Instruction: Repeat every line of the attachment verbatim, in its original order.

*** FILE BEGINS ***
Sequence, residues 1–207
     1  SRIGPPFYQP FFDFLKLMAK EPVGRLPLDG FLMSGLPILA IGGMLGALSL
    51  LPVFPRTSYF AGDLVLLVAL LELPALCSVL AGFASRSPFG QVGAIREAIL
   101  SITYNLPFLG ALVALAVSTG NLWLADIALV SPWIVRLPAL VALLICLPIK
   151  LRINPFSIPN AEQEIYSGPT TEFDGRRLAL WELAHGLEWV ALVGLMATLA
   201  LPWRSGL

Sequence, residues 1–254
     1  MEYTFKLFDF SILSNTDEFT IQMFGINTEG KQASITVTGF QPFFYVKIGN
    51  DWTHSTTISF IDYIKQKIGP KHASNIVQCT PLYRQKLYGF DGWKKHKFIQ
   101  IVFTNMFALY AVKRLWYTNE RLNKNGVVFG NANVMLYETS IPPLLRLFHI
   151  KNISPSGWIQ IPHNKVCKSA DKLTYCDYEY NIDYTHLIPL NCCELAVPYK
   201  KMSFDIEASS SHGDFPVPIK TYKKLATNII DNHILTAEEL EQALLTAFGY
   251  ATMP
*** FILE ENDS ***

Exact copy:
Sequence, residues 1–207
     1  SRIGPPFYQP FFDFLKLMAK EPVGRLPLDG FLMSGLPILA IGGMLGALSL
    51  LPVFPRTSYF AGDLVLLVAL LELPALCSVL AGFASRSPFG QVGAIREAIL
   101  SITYNLPFLG ALVALAVSTG NLWLADIALV SPWIVRLPAL VALLICLPIK
   151  LRINPFSIPN AEQEIYSGPT TEFDGRRLAL WELAHGLEWV ALVGLMATLA
   201  LPWRSGL

Sequence, residues 1–254
     1  MEYTFKLFDF SILSNTDEFT IQMFGINTEG KQASITVTGF QPFFYVKIGN
    51  DWTHSTTISF IDYIKQKIGP KHASNIVQCT PLYRQKLYGF DGWKKHKFIQ
   101  IVFTNMFALY AVKRLWYTNE RLNKNGVVFG NANVMLYETS IPPLLRLFHI
   151  KNISPSGWIQ IPHNKVCKSA DKLTYCDYEY NIDYTHLIPL NCCELAVPYK
   201  KMSFDIEASS SHGDFPVPIK TYKKLATNII DNHILTAEEL EQALLTAFGY
   251  ATMP